Rescuers scoured the area, searching for signs of life but braced for the reality that they’d be recovering corpses. No one had been rescued alive since Saturday. Roughly 100 people have been confirmed dead.
Photographic images of the area showed the destruction, in all of its indiscriminate vastness.
There was a huge mass of sludge that buried a cafeteria where hundreds of workers from the Vale mining company were believed to have been eating when tragedy struck. Railroad bridges were washed away. Cars were partially or entirely submerged.
Relatives went to the region, many of them with garden tools, to search for missing children, spouses, parents, siblings.
The wife of a miner, Claudio Pereira Silva, who had left to go to work earlier that Friday, spoke to the BBC about how the day had begun like any other, with him saying, “God be with you,” his typical “goodbye,” as he walked out the door.
“He really liked his work,” said Sirley Goncalves, “but he was afraid that something could happen one day. We were always at meetings about safety and evacuation routes.”
Her home was somehow spared, but many of her neighbors are missing, likely under the cover of mud that turned the area into an instant graveyard.
Drying mud lies high in a house affected by the mud avalanche caused by the broken dam. (Photo by Rodney Costa/picture alliance via Getty Images)
“It’s so difficult, we loved each other so much,” she said.
Vagner Diniz, 60, was holding on to some hope Wednesday that some of his five missing family members were still alive. His list of missing was staggering: his two adult children, Luiz and Camila; his daughter-in-law Fernanda, who was five months’ pregnant; and the biological parents of Luiz, who was adopted.
It could be several days or weeks before many bodies are found, as the mud sits several yards (meters) deep. Firefighters have to be careful in spots where it is particularly mushy so as not to become trapped themselves.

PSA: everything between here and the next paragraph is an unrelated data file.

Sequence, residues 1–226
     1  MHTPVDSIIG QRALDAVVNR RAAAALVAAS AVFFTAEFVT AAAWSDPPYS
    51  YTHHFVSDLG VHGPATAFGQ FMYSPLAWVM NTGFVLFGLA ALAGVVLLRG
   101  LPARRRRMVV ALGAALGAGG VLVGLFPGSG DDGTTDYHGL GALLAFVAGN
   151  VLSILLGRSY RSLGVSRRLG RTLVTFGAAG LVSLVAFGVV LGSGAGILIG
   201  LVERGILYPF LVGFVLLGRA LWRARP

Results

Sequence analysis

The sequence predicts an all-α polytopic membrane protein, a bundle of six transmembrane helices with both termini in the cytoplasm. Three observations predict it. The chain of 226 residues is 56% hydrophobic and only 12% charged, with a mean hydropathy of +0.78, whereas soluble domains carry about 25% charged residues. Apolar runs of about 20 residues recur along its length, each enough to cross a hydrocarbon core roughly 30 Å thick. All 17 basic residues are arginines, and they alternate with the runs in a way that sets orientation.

The Brazilian police arrested five people, including three Vale employees, on Tuesday in connection with the collapse.
The five arrested included three Vale employees and two engineers who were employed by the Brazilian subsidiary of the German industrial testing company TÜV Süd, which inspected the dam last year, The New York Times reported. The engineers, The Times said, “attested to the stability of the dam on a recent date.”
“The families are desperate. Vale destroyed our lives,” Gonçalves told the BBC. “They must have known the dam would break. But they don’t care about their employees, they care about their money.”
A wall in the village had fresh graffiti that read, “Vale, reoffending assassin.”
Vale said in a statement it planned to install a fabric barrier to retain residue where the river reaches the city of Para de Minas, about 25 miles from Brumadinho. The company may also build levees near the Brumadinho mine in an effort to prevent sediment from moving.
On Tuesday in Brumadinho, firefighters recover a body with a chopper’s assistance. (Photo by Rodney Costa/picture alliance via Getty Images)
Vale has also been working to help victims, paying for funerals and announcing that people who lost family members would receive $27,000 in the form of a donation.
But for so many victims, angry and anguished, all they want right now is to find missing loved ones.
Francisco Adalberto Silva has been searching for son Francis Erik Soares Silva and nephew Luiz Pablo Caetano since the disaster. The two worked for a company that contracted with Vale, and were in the area of the collapse when it happened.
“I will keep coming. … I just want to give my son and nephew a dignified burial,” he said.
The Associated Press contributed to this report.